Partition is all about differences in and relative solubilities of components in a sample which causes them to dissolve and partition onto the stationary or mobile phases accordingly. The more soluble/ volatile the component, the faster it moves.
Stationary phase: non-volatile liquid. Mobile phase: inert solid surface
Examples: paper chromatography and gas liquid chromatography.
Adsorption is all about relative bonding and reactivity with the stationary and mobile phases. Some components of the mixture are attracted to the solid surface and the other components are less strongly attracted to the stationary phase travel faster with the mobile phase.
Stationary phase: solid stationary phase. Mobile phase: liquid or gas phase.
Examples: Thin-layer chromatography.
Stationary phase: chromatographic adsorbent paper. Mobile phase: suitable solvent (water/ ethanol).
A small spot is placed on the chromatographic paper which is dipped in the solvent. The component spots dissolve in the solvent and move up with the solvent, moving different distances depending on their solubilities. The solvent front marks the maximum distance moved by the solvent. The chromatogram is finally treated with a dye/ UV light if the different components aren't visible e.g. ninhydrin to identify amino acids.
R_f value: this is the (distance moved by the component from the base line) / (distance moved by the solvent front).
Limitations: Components having similar R_f values are indistinguishable, unknown/ new substances have no R_f values to test against.
Thin-layer chromatography - adsorption
Stationary phase: alumina/ silica. Mobile phase: liquid solvent
Small spots are placed with a capillary tube. The different components separate and can be identified. The technique is used in qualitative analysis to determien substance purity. TLC has advantages over paper chromatography:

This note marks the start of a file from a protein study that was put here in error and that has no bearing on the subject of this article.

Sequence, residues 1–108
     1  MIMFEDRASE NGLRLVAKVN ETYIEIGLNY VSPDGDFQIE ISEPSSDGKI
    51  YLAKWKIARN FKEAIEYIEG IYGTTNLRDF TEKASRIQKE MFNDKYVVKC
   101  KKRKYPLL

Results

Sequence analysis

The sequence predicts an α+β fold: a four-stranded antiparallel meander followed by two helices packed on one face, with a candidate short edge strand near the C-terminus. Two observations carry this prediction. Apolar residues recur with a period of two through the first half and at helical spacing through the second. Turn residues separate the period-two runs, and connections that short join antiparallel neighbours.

- 3 times quicker than paper chromatography.
- More efficient - works on small samples which can be separated and recovered in a pure form.
- Resutls are easily reproduced.
- A range of mixtures can be separated by changing the mobile and stationary phases.
Stationary phase: alumina/ silica. Mobile phase: Suitable organic solvent.
Chromatography column filled and saturated with solvent and alumina. The sample to be separated is dissolved in a volume of solvent and added to the column. Solvent added from the top added to replace the one dripping down and to wash sample down the stationary phase.
The different components are separated as they pass through the column and collected at the bottom in different beakers.
Stationary phase: liquid adsorbed on an inert solid support. Mobile phase: inert gas (N/ He)
Used to separate and identify small samples of gases/ volatile liquids. The sample is injected through a self-sealing cap into an oven where it is vaporized. The vapour is carried by a unreactive gas mobile phase over the non-volatile liquid stationary phase.
The components of the sample partition between the inert gas/ non-volatile liquid depending on their relative boiling points and solubilities in relation to the phases. The time taken to travel from column to detector is called the retention time. Measured from the time sample is injected to the time its peak shows the maximum height.
Improvements: chromatogram is calibrated by passing a substance of known concentration under the same conditions e.g. a standard solution of propan-1-ol used to test for blood alcohol level. Ratio of the areas under the peaks are proportional to their relative concentrations, the concentration of ethanol can be accurately determined .
Used: to identify components that vaporise without decomposition in the oven. Used to test urine samples for illegal substances e.g. steroids and stimulants and blood for alcohol levels.
High-performance liquid chromatography
Stationary phase: silica/ alumina. Mobile phase: suitable solvent.
This is an improved form of column chromatography. High pressures are used instead of gravity to force the mixture being analysed through a column tightly packed with fine solid particles.
The method is used to separate components which are very similar to each other. The chromatogram produced is similar to that in GLC but UV light is used to detect the different components.
Used: analysis of oil pollutants; alcoholic beverages; and antioxidants, sugars and vitamins in food. It is used in the pharmaceutical and polymer industries for quality control of insecticides and herbicides and in biochemical and biotech research